When Sanderson regulated time travelling, I chose to be anchored in 2009. I found a job as a nurse and took the nightshift. The hospital, lit up in fluorescent lights like an all year round Christmas tree, protected me until each morning arrived as pink and wondrous as a newborn.
My MA class this week was led by the wonderful Hannah Lowe. Hannah is a poet and her recent book ‘Chick’ was published by Bloodaxe.
She helped us to explore confessional poetry and particularly, the elements that make our work seem real. She brought up an interesting point about poetry and truth; we naturally assume poetry is truthful, but she helped us see that it can be embellished or just plain made up like prose.
This week’s MA homework was to pick any world nation, then pick a national monument, and have a character become lost in the vision of an ideal version of their country… then be brought back down to earth with a bump. I went a bit left field again.
The house has a lonely grandness about it as it looms like a chalk cliff against the grey sky. A red, white and blue flag snaps loudly in the wind.
I tug my wool coat around me; but the chill penetrates my stocking clad legs. A man apologises in a southern drawl as he leans over me to take a photo. I wish I could wrap myself in his warm Tennessee vowels. Continue reading
The written assignment on my MA this week was a piece exploring ourselves as writers and I went a bit left field. I don’t like writing from my own voice- I find I can be more honest from a fictional perspective. ‘Give a man a mask and he’ll tell you the truth,’ said Oscar Wilde. (So… blogging will be fun! I’m currently writing a non fiction book with memoir elements, so it’s something I’m working up to.)
I’m a writer; which for me means that I pretend to be other people. I don’t have my own ‘voice’. So, I put some of my characters to work and had them do my homework for me. Here are a few of them discussing me as a writer, or omipresent God character intruding on their worlds. It was interesting hearing what they thought of me as a writer/person/diety- I’d recommend it as a writing exercise.
I’m currently working on my series of Tennessee Williams alternative book covers. As I was plotting out the imagery for the cover of ‘Cat on a Hot Tin Roof’, I’ve ended up putting Paul Newman, my favourite and a classic Brick, front and centre. As I sat there looking at my scanned drawing it occurred to me that normally it’s Elizabeth Taylor, or Maggie, that’s front stage on the book cover. (I’d argue that this is partly because she’s a woman, and her partly dressed body sells theatre & film tickets, and books.) Also, we assume Maggie is the cat- she herself says she feels like a cat on a hot tin roof, and her victory is staying on as long as she can. Continue reading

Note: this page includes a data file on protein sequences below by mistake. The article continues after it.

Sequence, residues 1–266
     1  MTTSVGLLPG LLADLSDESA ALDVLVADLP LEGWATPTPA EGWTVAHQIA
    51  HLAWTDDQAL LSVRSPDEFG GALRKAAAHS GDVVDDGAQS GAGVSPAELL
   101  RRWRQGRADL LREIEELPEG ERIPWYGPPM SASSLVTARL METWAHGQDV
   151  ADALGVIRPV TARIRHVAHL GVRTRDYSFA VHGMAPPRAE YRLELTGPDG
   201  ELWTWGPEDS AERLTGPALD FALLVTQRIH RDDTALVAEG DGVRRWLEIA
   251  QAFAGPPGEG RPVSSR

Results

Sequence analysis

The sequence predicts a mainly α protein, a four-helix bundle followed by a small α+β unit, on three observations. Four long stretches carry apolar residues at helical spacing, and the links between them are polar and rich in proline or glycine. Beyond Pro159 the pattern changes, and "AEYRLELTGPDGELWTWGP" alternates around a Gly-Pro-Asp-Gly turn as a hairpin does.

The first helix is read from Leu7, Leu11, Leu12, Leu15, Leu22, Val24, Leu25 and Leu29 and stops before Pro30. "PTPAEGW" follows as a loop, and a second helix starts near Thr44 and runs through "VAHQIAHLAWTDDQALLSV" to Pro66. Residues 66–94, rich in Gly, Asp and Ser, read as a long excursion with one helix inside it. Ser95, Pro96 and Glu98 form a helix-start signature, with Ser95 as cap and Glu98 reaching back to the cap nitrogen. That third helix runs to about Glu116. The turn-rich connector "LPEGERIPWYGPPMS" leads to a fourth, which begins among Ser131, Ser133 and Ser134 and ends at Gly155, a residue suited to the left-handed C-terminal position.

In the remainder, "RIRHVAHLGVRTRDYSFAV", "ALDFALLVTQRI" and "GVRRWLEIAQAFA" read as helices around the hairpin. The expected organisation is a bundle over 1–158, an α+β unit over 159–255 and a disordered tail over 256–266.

Hi everyone, I’m Klara and I’m a scanner.
I love to see people’s work spaces, I love seeing what they surround themselves with when they work. Mine doesn’t always (ever?) stay neat, but during a rare tidy up I thought I’d document where I work. The desk came from a skip in London and I added some Ikea legs to it, painted it green and decoupaged it with a pile of Japanese male fashion magazines.
My cats also keep me company- the black fluffy one is Severus and the tabby is Luna
My choir, Rainbow Chorus, had a float this year for Brighton Pride. We had a week to get the float designed and implemented. We chose Pop Icons as our theme. I’d recently lent a hand in re-branding the choir with a new colour scheme, so I chose a sexy new desaturated theme for our float to match.
We had a small grant from the Rainbow Fund (thank you!), and I saved a lot by choosing to use leftover household paint on leatherette fabric. I chose a simple but bold design, and spent most of my time cutting out the stencil of our Top of the Pops esque logo.
The full set of pictures are up on flickr here.
My second project that week was my Bjork dress for the float. I’ve often been told I resemble Bjork due to my round Polish features and I’ve always admired her as an artist. What a great opportunity to make and wear her infamous Swan dress! I basically built it around a nude coloured vest top with layers of recycled net curtains layered with white voile. I made the swan head like you’d make a soft toy swan, and blended it as best I could with the voile.
I took part in the creation of an animation project led by animator Evan Wilkinson. I came in for two sessions as an illustrator and fellow animator to talk about character design.
This is the final result of a mixed media animation project at The Connaught School in Aldershot, for Hampshire County Council and Strong Island Media.